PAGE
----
Summer fertilizer ban in effect through September
From June 1st to Sept. 30th, Pinellas County residents may not apply fertilizers containing nitrogen or phosphorus to lawns and landscape plants
Fertilizer runoff can pollute rivers, lakes, bays and the Gulf of Mexico, cause algae blooms and lead to fish kills
As the rainy summer season approaches, residents and commercial landscapers in Pinellas County are reminded to temporarily stop using nitrogen and phosphorus fertilizers. Starting June 1 – Sept. 30, which is typically the end of our rainy season, fertilizers containing nitrogen and phosphorus are prohibited. Phosphorus is restricted year-round without a proper soil test as Florida soils are naturally abundant in phosphorus.
Limiting fertilizer use prevents additional pollutants from entering storm drains and water bodies such as rivers, lakes, Tampa Bay and the Gulf of Mexico. Excess nitrogen and phosphorous can cause harmful algae blooms that can lower oxygen levels and lead to fish kills.Treatment to remove these excess nutrients could cost taxpayers millions of dollars each year.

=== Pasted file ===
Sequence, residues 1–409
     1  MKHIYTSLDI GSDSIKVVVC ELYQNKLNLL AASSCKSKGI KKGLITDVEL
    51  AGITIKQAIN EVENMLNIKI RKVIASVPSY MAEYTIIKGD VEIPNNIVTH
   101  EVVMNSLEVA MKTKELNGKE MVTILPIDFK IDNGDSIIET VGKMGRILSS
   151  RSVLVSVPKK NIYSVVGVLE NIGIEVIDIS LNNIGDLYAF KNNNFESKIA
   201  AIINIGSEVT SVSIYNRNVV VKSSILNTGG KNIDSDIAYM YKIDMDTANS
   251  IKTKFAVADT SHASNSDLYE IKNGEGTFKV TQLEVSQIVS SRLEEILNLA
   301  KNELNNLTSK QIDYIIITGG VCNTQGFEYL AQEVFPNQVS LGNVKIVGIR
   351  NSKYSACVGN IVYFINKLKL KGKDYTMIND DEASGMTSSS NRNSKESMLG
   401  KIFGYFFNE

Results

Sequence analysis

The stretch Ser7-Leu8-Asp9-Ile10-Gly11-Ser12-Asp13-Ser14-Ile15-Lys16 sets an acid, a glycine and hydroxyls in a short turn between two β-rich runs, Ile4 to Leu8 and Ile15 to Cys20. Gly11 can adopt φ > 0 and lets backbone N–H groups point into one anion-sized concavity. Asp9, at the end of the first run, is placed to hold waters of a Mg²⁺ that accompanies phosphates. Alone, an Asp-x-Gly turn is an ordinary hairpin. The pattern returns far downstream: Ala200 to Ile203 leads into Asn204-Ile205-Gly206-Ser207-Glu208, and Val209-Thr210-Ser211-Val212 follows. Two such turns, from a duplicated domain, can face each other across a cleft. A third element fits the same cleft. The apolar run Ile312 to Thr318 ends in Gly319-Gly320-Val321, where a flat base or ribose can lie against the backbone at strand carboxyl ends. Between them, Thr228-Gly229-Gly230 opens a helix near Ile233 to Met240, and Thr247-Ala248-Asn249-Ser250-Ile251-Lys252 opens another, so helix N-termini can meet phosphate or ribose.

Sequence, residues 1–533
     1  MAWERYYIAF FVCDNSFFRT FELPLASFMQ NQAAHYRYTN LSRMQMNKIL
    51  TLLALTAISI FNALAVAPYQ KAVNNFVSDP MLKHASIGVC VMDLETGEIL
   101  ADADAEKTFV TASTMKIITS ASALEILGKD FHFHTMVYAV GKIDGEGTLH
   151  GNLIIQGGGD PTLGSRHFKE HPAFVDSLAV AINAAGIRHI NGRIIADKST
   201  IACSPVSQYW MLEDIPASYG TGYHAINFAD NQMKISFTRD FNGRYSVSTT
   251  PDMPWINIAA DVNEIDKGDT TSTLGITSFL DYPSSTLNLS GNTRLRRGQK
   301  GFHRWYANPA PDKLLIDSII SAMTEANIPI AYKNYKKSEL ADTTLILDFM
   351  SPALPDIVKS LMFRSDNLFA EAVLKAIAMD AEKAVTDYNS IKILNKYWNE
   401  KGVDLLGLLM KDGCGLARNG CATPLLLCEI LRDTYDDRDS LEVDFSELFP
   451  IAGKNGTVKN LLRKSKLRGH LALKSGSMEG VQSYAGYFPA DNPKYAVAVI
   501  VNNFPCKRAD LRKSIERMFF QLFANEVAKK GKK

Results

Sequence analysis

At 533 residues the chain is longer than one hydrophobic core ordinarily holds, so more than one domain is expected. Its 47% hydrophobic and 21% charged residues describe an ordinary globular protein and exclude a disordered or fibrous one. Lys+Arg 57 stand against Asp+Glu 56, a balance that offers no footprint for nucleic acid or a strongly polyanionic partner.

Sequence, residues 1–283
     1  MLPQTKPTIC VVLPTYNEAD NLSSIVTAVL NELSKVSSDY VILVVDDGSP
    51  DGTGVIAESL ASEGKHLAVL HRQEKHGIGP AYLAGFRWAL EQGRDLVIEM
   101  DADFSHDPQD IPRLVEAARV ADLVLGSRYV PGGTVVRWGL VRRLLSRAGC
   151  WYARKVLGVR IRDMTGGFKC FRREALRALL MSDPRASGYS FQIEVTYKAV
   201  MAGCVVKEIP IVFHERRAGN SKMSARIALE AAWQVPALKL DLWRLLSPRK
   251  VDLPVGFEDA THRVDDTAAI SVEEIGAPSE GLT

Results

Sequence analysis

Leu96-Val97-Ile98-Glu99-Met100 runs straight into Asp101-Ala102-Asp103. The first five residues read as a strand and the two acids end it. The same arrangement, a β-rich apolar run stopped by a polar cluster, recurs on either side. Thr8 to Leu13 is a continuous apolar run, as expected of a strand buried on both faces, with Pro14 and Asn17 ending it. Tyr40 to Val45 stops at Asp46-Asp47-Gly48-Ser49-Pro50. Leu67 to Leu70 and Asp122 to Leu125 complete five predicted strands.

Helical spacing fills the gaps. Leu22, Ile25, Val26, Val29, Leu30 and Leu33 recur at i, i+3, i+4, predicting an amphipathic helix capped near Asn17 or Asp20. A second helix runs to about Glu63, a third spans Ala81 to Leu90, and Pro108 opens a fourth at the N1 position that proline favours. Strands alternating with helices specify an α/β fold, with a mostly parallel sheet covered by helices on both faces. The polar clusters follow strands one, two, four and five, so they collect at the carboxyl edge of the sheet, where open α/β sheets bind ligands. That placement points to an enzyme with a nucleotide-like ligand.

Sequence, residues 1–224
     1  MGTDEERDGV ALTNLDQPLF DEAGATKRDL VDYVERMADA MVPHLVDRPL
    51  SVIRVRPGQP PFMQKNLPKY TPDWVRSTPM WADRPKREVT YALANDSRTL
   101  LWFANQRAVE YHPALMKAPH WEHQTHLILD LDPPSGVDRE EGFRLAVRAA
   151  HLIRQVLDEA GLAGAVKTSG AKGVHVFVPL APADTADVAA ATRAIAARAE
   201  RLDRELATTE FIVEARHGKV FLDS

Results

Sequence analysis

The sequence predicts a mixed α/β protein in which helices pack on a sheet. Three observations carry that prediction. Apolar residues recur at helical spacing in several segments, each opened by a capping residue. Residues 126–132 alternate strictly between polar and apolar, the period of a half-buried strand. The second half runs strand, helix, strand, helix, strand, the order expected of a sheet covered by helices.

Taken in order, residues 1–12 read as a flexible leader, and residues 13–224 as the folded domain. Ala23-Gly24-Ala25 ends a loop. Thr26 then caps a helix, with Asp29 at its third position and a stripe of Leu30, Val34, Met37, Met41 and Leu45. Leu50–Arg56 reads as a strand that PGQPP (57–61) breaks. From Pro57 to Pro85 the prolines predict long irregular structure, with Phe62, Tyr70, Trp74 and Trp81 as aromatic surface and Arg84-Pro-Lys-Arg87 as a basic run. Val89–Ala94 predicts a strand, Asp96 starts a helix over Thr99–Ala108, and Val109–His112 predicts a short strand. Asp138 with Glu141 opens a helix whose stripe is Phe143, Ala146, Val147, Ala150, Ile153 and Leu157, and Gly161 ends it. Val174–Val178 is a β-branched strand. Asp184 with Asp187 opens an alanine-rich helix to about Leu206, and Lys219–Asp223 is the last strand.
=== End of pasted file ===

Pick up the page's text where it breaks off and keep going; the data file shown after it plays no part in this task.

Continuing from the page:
Follow these Florida-friendly lawn care practices to keep a healthy landscape over the summer:
- Look for products with “0-0” as the first two numbers on the fertilizer label.
- Apply iron, found at most garden centers, to keep lawns green during the summer without increasing growth which will lessen the amount of mowing required.
- Use compost to enrich soil.
- Set lawn mower blades between 3 and a half to 4 inches for St. Augustine grass to encourage deep roots that resist fungus and pests.
- Buy plants adapted to Florida’s hot and humid climate and plant them in places according to sun and water needs.
- Hire lawn care professionals that display Best Management Practices decals on their vehicles.
- Sweep or blow grass clippings back into the yard. Do not direct clippings into the road, stormwater system or water bodies.
Pinellas County is one of more than 90 Florida communities that have summertime fertilizer restrictions.
Landscapers and residents looking for more tips on skipping fertilizer can visit, www.befloridian.org. Pinellas County has an ordinance in place regulating landscape practices and fertilizer sale. To learn more, visit www.pinellascounty.org/environment/watershed/fertilizer.htm.